Jury Convicts U.S. Capitol Rioter in First Trial from 6 January Attack
The 2021 riot—during which pro-Trump supporters overwhelmed Capitol police and local law enforcement officers to enter the Capitol building and interrupt legislators’ efforts to certify the electoral vote for the 2020 U.S. presidential election—occurred more than one year ago.
Since then, U.S. federal investigators have charged more than 700 individuals for their alleged involvement in the riot. Reffit was the first of those charged to go to trial. Prior to the verdict’s announcement, more than 200 of those accused of involvement in the riot pled guilty to misdemeanor and/or felony charges.
Although he entered a plea of not guilty, Reffitt, from Wylie, Texas, was convicted of five criminal charges: transporting a firearm—specifically a rifle and a semi-automatic handgun—in furtherance of civil disorder; obstruction of an official proceeding; entering and remaining in a restricted building or grounds with a deadly weapon; obstructing law enforcement officers during a civil disorder; and obstruction of justice, specifically hindering communication through physical force or threat of such force. The jury deliberated for less than four hours before returning with a guilty verdict on 8 March.
Reffitt’s wife, Nicole, spoke with reporters after the verdict was delivered, and said Reffitt would appeal the decision. She also claimed her husband was used as an example to try to force other rioters to agree to a plea deal.
“Many of the 700-plus defendants charged in connection with the Capitol riot have been closely watching the outcome of this trial as they weigh how to approach their own cases. It is widely believed that this guilty verdict will give prosecutors additional leverage in plea negotiations with other defendants,” NPR reported.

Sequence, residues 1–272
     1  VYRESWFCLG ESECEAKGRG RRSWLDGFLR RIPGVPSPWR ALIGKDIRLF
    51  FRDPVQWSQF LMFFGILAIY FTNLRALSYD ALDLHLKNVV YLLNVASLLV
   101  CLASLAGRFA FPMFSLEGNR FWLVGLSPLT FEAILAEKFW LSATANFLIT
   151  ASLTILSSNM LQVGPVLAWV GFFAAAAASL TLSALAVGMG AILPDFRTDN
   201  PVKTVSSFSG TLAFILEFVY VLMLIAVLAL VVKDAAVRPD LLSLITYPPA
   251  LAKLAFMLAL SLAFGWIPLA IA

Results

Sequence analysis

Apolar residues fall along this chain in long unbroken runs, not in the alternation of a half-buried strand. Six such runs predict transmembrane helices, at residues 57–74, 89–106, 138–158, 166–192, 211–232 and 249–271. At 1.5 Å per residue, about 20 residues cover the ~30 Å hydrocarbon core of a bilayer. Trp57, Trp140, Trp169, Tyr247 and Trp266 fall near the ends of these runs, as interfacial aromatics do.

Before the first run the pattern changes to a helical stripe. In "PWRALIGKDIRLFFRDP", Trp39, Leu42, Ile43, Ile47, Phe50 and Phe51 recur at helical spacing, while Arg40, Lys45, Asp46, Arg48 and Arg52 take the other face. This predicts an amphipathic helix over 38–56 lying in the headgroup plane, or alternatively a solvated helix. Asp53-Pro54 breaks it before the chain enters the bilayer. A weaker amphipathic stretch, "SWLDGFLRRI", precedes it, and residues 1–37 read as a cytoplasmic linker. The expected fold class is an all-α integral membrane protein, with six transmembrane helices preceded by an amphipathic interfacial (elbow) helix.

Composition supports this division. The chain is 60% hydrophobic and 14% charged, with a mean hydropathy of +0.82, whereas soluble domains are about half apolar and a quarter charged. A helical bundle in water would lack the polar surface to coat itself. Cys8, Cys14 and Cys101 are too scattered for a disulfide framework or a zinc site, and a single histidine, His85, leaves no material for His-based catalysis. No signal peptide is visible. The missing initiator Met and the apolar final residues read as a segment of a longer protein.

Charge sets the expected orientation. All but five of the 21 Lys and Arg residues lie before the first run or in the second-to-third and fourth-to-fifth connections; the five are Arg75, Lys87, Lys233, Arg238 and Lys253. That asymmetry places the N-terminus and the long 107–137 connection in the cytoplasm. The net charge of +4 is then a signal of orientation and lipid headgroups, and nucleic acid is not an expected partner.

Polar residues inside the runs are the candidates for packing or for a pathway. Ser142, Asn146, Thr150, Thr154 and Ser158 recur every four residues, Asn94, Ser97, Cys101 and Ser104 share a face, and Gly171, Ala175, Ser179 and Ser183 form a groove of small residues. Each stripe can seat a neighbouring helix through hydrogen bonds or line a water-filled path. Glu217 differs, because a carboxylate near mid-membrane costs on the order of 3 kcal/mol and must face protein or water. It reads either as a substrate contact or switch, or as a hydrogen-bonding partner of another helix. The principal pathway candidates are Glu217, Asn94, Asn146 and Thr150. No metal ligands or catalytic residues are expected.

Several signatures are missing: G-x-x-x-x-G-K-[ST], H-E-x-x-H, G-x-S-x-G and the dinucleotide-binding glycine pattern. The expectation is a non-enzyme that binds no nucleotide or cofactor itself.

Prosecutors said that Reffitt traveled to Washington, D.C., with at least one fellow member of the Texas Three Percenters, a far-right militia. With evidence from Reffitt’s phone and a helmet-mounted camera he wore, plus witness testimony, the prosecution established that Reffitt breached the Capitol and confronted officers in the building. He encouraged other participants to storm the building, even after he was hit with pepper balls and non-lethal plastic rounds.
It was testimony from Reffitt’s son, Jackson, however, that “offered some of the strongest evidence in the trial,” according to CBS News.
Jackson said he became alarmed by his father’s spoken views even before the riot and submitted a tip to the FBI in December 2020.
After 6 January 2021, Jackson said Reffitt became increasingly paranoid and at one point warned Jackson and his younger sister that “If you turn me in, you’ll be traitors. And traitors get shot.” Jackson also surreptitiously made audio recordings of his father when he heard what Reffitt had done at the Capitol and that Reffitt promised there was more to come.
Other evidence included videos and recorded Zoom meetings with other Texas Three Percent members that Reffitt made, text messages, and testimony from a former militia member.
“Today’s guilty verdict in the first jury trial of a Jan. 6 defendant should serve as a reminder for others who committed crimes at the Capitol that day that these are serious charges and that the FBI and our law enforcement partners will do what it takes to hold them accountable,” said, Steven D'Antuono, the FBI’s Washington Field Office assistant director in charge, in a statement obtained by Politico.
Reffitt could be sentenced to up to 60 years in prison. His sentencing trial is scheduled for 8 June. (United States of America v. Guy Wesley Reffitt, U.S. District Court for the District of Columbia, No. 21-cr-32, 2022)